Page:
King of the Vice Lords calls for end to gang violence
February 7, 2006 (WLS) -- Willie Loyd is a former Chicago gang leader who says he was nearly killed for fighting the kind of life he once led. Loyd was a long-time leader of the Vice Lords, the oldest and largest street gang on Chicago's West Side. ABC7's Charles Thomas talked with Loyd about the message he wants to spread about life in a gang.
For most of the past 35 years, the notorious Vice Lords gang was ruled from various prisons by convicted cop killer Willie Loyd. But Loyd, who survived an assassination attempt in 2003, is speaking out against the organized criminals who terrorize Chicago neighborhoods. We visited Loyd in another state where he is recovering from his wounds and hiding from those who might still want to see him dead.
"Gang life is not anything to be glorified," said Loyd.
Willie Earl Loyd, who spent over half his life in state and federal penitentiaries, is now imprisoned by his own body. Loyd is the 55-year-old -- he says retired -- supreme chief of the almighty Vice Lord nation.
"That's right, the king ... the king of kings," Loyd said.
Loyd has been paralyzed from the neck down since August, 2003, when he was hit by four bullets fired by assassins in Garfield Park.
Before the shooting, Loyd says he quit the Vice Lords and become an outspoken critic of gang life. He believes his attackers included some of his former henchmen.
"They felt I was threatening to their way of life," Loyd said.
One man who claims he was shot 15 times in a related attack a few weeks after the Loyd shooting says he and other Vice Lords were prepared to go to war for their king.
"I would die for him, kill for him, rob for him, steal for him, go to jail for him," said the unnamed gang member.
But Loyd would not give an order to retaliate.
"I don't want to take control again. No, it ain't for Willie to take control no more," said Loyd.
Police gang experts say that as a teenager on the West Side in the 1960's, Willie Loyd formed the Unknown Vice Lords, a group based along 16th Street in the Lawndale neighborhood.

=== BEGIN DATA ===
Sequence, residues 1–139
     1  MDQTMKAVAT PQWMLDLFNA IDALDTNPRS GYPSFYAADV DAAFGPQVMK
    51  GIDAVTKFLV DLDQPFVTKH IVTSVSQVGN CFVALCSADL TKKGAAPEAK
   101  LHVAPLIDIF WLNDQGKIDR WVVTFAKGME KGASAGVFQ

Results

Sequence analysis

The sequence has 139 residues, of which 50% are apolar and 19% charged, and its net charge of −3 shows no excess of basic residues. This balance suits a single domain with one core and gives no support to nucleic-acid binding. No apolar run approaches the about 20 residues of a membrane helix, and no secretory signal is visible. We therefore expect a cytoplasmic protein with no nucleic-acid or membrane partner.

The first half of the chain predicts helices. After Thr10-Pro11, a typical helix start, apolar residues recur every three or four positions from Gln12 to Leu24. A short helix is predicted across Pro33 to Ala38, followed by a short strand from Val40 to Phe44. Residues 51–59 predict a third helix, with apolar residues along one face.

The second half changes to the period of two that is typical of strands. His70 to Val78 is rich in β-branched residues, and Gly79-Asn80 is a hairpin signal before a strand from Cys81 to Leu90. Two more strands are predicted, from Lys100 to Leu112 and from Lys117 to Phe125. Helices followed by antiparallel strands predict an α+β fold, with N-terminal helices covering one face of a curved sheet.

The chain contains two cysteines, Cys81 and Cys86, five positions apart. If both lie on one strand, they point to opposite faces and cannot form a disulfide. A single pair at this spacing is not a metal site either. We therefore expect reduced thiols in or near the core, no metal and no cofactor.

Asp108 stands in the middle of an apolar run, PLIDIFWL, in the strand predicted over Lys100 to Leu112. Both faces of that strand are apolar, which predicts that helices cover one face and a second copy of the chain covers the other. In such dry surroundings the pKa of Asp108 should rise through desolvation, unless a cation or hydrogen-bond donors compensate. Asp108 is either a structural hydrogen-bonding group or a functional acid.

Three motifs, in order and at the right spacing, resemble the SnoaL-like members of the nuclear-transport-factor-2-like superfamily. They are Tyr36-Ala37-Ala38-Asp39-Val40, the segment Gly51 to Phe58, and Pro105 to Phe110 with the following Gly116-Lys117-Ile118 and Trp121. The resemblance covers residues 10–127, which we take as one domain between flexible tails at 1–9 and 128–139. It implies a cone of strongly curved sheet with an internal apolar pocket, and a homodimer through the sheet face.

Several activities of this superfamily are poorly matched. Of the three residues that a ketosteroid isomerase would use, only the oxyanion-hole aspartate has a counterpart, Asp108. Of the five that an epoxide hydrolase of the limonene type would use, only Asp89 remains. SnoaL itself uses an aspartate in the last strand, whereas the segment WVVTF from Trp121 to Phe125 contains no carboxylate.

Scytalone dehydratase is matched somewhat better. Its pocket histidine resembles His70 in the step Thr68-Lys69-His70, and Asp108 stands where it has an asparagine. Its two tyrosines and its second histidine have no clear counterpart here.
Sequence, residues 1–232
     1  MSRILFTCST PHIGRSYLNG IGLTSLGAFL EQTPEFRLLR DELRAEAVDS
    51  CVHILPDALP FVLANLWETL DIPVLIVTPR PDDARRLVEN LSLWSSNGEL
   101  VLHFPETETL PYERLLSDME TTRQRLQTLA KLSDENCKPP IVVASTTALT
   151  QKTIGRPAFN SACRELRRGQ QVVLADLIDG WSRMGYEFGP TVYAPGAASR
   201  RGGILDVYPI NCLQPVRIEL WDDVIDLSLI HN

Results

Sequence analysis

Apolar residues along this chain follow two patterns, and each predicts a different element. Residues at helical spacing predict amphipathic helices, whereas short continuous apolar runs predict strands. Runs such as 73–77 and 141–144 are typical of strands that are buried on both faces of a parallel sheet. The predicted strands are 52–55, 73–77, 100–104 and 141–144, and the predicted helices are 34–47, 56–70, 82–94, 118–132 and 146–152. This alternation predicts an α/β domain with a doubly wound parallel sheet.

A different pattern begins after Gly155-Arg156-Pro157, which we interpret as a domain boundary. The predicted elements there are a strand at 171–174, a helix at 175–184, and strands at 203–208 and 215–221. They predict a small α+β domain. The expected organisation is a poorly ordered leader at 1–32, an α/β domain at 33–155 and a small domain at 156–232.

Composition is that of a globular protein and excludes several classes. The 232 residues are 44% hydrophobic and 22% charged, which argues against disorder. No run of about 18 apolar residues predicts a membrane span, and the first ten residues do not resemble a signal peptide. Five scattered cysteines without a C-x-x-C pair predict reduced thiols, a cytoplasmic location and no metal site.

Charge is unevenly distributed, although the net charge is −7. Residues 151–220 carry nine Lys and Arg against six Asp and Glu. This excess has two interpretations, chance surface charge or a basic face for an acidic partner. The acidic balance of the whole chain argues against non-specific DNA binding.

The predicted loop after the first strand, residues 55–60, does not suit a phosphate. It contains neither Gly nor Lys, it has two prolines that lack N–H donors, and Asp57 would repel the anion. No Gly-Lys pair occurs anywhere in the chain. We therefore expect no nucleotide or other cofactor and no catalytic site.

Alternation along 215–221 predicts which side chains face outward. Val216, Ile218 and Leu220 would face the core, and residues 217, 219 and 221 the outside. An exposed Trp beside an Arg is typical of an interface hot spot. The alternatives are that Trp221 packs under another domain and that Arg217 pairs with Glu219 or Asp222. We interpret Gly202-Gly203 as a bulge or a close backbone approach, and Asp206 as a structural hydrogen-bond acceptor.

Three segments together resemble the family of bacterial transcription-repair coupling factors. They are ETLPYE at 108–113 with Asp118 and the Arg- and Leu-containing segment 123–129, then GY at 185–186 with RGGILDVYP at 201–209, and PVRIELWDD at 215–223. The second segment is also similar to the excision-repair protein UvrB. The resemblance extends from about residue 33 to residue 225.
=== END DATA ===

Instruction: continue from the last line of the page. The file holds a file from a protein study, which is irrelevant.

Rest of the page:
He called his turf "the holy city," but it became a living hell for residents.
"Because of the fear that he struck in people. That's the reality of it," said Jarod Cooper, West Side resident.
Loyd's first prison term began in 1971 for his part in the murder of a police officer in Iowa. Paroled in 1986, a year later he was back behind bars in Illinois on a weapons conviction. Paroled again in 1992, two years later he was sentenced to federal prison on another gun violation.
Loyd said that while an inmate, he led his gang on the outside using prison employees who are Vice Lords.
"Gang members are guards," said Loyd.
While incarcerated, Loyd wrote The Amalgamated Order of Lordism, 61 pages obtained by ABC7, that detailed the Vice Lord command structure in the prisons and on the streets. Police and prosecutors say that during Loyd's quarter-century as gang leader, Vice Lord drug deals, extortion and other crimes led to thousands of homicides.
"Did I ever give an order for someone to be killed? No," said Loyd. "If Willie want something done, I'd do it myself. That's how I became respected."
Despite a dire prognosis from his doctors, Loyd and his wife, Willa, are convinced he will walk again and will return to Chicago to continue his campaign against gangs.
"There's no benefits to joining a gang. I seen myself as Dr. Frankenstein. The monster I created turned on me," Loyd said.
Chicago police never arrested or charged anyone for shooting Willie Loyd.
Loyd said he was never replaced as supreme chief and that the Vice Lords are now many small gangs operating independent of each other.
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